Prison for man who stole from his ill girlfriend

Preston Crown Court

Preston Crown Court

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A man who stole thousands of pounds from his girlfriend, while she was seriously ill in hospital, has been put behind bars.

Nikki Aspinall spent the cash on debts he had accumulated. At one point his partner had been admitted to hospital with suspected meningitis.

He stole £6,000 from her in total, some of it while she was in hospital.

She later challenged him about what had taken place. He denied it and only admitted responsibility when they were on a Spanish beach during a short break.

Aspinall, 23, of Church Street, Blackpool, had admitted theft and driving offences of not having insurance, a full driving licence and fraudulently using a registration mark.

He was given a total of 12 months’ jail by a judge at Preston Crown Court.

The theft covered a period between September and 
October last year. David Clarke, prosecuting, said the two had met in March last year and started a relationship.

She had never given Aspinall access to her account or her PIN numbers.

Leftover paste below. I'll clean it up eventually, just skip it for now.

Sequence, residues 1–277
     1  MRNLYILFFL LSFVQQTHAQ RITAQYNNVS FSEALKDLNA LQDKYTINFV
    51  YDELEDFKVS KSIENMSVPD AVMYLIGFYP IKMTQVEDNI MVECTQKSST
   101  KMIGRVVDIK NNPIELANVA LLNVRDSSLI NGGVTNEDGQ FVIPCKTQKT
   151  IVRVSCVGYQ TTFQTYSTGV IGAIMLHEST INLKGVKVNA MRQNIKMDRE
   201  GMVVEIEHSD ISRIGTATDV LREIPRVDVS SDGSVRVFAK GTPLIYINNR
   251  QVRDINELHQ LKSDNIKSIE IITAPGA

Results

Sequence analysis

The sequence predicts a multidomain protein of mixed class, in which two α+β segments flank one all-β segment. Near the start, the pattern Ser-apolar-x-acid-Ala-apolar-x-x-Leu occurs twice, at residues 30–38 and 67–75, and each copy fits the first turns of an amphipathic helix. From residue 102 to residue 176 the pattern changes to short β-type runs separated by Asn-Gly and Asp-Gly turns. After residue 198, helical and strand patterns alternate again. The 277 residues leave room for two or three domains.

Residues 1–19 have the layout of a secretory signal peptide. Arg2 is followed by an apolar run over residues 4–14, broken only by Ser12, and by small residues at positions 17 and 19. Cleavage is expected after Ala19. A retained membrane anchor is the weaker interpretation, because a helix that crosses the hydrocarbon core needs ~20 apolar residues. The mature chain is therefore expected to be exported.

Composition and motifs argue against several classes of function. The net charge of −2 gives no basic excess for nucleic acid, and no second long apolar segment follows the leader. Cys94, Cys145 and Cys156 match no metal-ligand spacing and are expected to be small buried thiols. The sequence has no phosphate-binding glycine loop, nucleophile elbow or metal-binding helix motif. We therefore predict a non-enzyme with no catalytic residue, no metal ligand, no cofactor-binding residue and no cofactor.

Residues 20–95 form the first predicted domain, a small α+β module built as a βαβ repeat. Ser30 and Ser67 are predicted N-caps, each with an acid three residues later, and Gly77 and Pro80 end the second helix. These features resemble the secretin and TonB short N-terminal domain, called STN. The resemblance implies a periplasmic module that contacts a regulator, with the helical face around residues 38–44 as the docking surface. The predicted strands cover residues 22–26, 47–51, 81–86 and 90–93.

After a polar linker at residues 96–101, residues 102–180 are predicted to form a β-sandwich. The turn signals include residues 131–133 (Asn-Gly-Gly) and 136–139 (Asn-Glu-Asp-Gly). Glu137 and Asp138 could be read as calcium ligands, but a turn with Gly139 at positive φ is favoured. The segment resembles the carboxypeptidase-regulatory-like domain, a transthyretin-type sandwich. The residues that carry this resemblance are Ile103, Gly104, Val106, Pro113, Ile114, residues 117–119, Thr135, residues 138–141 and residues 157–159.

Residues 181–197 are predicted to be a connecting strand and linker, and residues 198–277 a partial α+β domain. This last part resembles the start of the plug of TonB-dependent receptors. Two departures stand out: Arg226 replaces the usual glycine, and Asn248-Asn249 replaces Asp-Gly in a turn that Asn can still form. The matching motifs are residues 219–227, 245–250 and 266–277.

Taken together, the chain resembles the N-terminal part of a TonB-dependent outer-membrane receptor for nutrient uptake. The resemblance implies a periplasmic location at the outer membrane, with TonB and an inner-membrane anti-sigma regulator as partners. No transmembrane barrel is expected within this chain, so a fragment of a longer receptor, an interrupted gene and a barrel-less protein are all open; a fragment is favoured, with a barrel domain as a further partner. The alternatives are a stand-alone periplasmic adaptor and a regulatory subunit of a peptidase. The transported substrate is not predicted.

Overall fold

She presumed, the court heard, that he must have looked over her shoulder at some point, while she was using a cash machine, in order to get her chip and pin details.

A total of £600 was withdrawn from her account on two consecutive days in September.

Mr Clarke told the court: “By October 5 she became very poorly with suspected meningitis and had to go into hospital.

“When she was released from the short spell in hospital her bank got in touch just before they were due to go to Spain for two days, to visit her mother and brother.

“They explained there had been a series of transactions over the previous two weeks, over the internet. She realised the only other person who would have been able to do that would have been the defendant.

“She challenged him about it all. He denied it. They went away and only on a beach in Spain did he then admit he was responsible for what had taken place”.

The total amount of money stolen was £6,033 which had been taken through 10 cash withdrawals and two debit card transactions.

The court heard there is uncertainty about whether the bank will refund the money stolen.

Julie Taylor, defending, told the court: “He says they are still living together and there is still a relationship, 
albeit a rocky one.

“He didn’t realise and didn’t appreciate the consequences would be that a loss would be caused to her, or her family. He thought the bank would refund them the money and that they themselves wouldn’t suffer the loss.”

At the time, Aspinall was working in sales and had debts. He took the opportunity to take money, to repay those debts.